The Heartbreaking Tale Of Graham Williams

From reading this blog, you’d probably have me pegged as a well-spoken gentleman. You most likely picture me tapping my pipe on the cocktail cabinet, and excusing myself from diplomatic engagements on the grounds that I’m too busy combing the pelts of endangered animals.
Well, I’ve been back in Nottingham for two days. And this afternoon, I asked my cousin if she could pass me my bottle of fizzy pop. Well, that is what I would have said in my London manor. “Be an absolute darling and fax me my fizzy wizzy”, I would have said.
50 hours in Nottingham, and I said “chuck us me wet”. I stopped, afterwards, to touch my lips in a baffled way. Chuck us me wet? It’s not even a phrase that they use in the East Midlands. It’s like my mouth stayed on the train and went to some imaginary Northern town where nouns have given way to adjectives.
“Would you like a Coke?”
“Away, with your brown air-water! I want a nice cup of the nice!”
Anyway, more on the confused stereotypes, blood-soaked old ladies and family betrayals that have marked my homecoming later on in the week – today, I want to tell you about The Heartbreaking And Entirely True Tale of Graham Williams. Graham was a regular face in the pub I ran in Nottingham a few years ago. He was a well-known in the pub trade, and a well-liked man; separated from his wife, but very much the doting father to his daughters.
I have vivid memories of him coming into the pub after an afternoon’s Christmas shopping, fretting over his presents for his two daughters. He was a terrible worrier, although he was too considerate to burden you with too many of his worries. Instead, Graham’s hands would flap to his mouth when he was talking, then he’d walk his fingers along his face and tug at his ear. Hard enough to cock his head. Often, he’d blink so heavily that when he finally got around to opening his eyes again, I expected him to shake his head, rub his peepers with his fists and say “wu-huh-huh!?”
And because he was so concerned about burdening other people with his problems, these were the only signs of his turmoil that I saw. So I rubbed my eyes with my knuckles and went wu-huh-huh!? when I found out that he’d committed suicide this year.
Well, not quite.
Graham had sealed the windows of his flat, and put a canister of carbon dioxide next to the filled bath. And knowing him as superficially as I do, I picture him dithering. Staring at the bath and crushing his lips between his thumb and forefinger. Going to sit down, but being drawn back to the bath and the cannister. Most powerful amongst the feelings that this scenario brings up, I imagine him feeling imprisoned in his newly airtight flat. Each individual preparation being relatively effortless, until all the preparations had been made, and he realised that all he had to do was turn a valve and lie down. He was at the end of the plank.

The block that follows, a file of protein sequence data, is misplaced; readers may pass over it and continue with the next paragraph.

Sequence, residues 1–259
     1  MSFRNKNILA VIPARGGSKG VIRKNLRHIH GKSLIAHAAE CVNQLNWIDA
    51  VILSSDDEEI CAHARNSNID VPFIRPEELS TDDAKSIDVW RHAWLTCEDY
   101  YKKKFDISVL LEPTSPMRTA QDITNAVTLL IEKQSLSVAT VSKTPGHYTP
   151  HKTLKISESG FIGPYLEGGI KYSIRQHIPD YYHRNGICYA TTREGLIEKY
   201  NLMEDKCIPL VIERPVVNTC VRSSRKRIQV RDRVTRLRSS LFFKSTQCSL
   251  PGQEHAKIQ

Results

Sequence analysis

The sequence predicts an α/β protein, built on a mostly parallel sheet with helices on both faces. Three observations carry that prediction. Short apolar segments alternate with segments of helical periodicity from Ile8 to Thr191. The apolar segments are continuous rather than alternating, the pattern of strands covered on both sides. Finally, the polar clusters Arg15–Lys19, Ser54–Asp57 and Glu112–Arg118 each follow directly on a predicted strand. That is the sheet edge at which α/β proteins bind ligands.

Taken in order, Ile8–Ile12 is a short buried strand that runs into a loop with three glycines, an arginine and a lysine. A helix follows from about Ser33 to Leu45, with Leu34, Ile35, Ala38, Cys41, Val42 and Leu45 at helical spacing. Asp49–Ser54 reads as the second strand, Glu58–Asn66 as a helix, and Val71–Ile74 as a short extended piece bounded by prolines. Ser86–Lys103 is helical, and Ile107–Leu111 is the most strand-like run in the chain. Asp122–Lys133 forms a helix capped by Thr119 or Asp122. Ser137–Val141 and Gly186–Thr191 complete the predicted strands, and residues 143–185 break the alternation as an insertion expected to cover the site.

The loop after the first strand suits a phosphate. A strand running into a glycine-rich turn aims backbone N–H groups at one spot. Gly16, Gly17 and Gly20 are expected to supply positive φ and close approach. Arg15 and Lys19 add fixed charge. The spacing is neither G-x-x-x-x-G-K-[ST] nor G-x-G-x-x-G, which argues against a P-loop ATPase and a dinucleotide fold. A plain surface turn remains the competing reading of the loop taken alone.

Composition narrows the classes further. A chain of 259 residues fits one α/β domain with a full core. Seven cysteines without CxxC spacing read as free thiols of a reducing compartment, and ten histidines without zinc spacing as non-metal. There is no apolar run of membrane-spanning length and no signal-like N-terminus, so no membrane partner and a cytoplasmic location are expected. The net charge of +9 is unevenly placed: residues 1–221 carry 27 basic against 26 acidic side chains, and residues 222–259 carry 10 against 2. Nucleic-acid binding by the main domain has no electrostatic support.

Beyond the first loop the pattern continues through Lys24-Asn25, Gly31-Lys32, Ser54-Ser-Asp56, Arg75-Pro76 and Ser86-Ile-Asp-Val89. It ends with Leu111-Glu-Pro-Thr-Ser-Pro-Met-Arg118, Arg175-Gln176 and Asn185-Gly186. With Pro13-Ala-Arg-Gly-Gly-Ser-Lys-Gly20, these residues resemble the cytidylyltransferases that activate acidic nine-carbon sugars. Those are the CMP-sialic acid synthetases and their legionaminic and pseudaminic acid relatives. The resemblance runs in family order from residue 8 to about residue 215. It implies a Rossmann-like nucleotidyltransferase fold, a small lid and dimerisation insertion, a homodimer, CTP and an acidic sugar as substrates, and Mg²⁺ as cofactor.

To continue the plank metaphor involves casting all his negative emotions as pirates. I am resisting the temptation to write Graham’s inner monologue and adding loads of “me hearties” and a snide parrot.
Even if he had changed his mind, undoing the preparations he’d made would do little to chirpy him up. The bathetic retreat would have been crushing; in that situation, I would have imagined a hundred CCTV cameras, manned by hyenas. But he might have changed his mind, for all anyone knows. He had a heart attack, and they found his body next to a full bath, and a full cannister of carbon dioxide. He was dead, whether he wanted to be or not – he just left enough evidence of his previous intentions to make it all seem hopelessly naff. The tragedy – and it’s fucking tragic – is burgled by its jaw-dropping crapness.
When I was told this story, I laughed, and said “oh, for fuck’s sake, Graham”. Our resident scientist said “the fucking idiot was lucky – carbon dioxide poisoning is an awful death. The daft cunt was thinking of carbon monoxide”. Everyone else… well, they said something fond and abusive too. Then they drank more than they usually would, in his honour. I wasn’t drinking, though. I was saying “what’s the point” to myself, in a pirate’s voice.
On the upside, I saw a car with the registration “WUF”, which made me say “woof” to myself, and laugh. This put a spring in my step for a good two hours.

5 thoughts on “The Heartbreaking Tale Of Graham Williams”

  1. This is the second thing that has made me feel sad today. The first was hearing that someone had kicked a Canada Goose to death in the town centre near where my girlfriend works.

  2. This’ll cheer you up.
    As I was walking into work today I stopped on the high street to check if traffic was coming before I crossed. I noticed an older black lady already walking across, paying scant attention to her surroundings. Luckily the only traffic comin was an elderly man on a bicycle who, upon seeing the woman attempted to slow down, barely missing her. His reaction to the narrowly avoided nasty spill?
    To raise his arm silently and shake his fist – just like some villain out of Dan Dare or something.
    It certainly put a smile on my face.

  3. well i came across this article by me being sad old bugger and googleing my own name plus haveing been a landlord myself can relate to charectors like you have discribed it just goes to show that we see the face not the person we all have our problems but i think it is how we as individuals see our own problems me well i think i am very lucky i can always see the alternative for good or bad and am able to deal with most situations on my own being a bit mad crazy and haveing a very light harted personality and a jovial outlook on life is a big help so to the rest of you out there don’t go down the route of my names sake head held high laugh out load take that deep breath as you just dont know it might be your last cheers all speak soon…..


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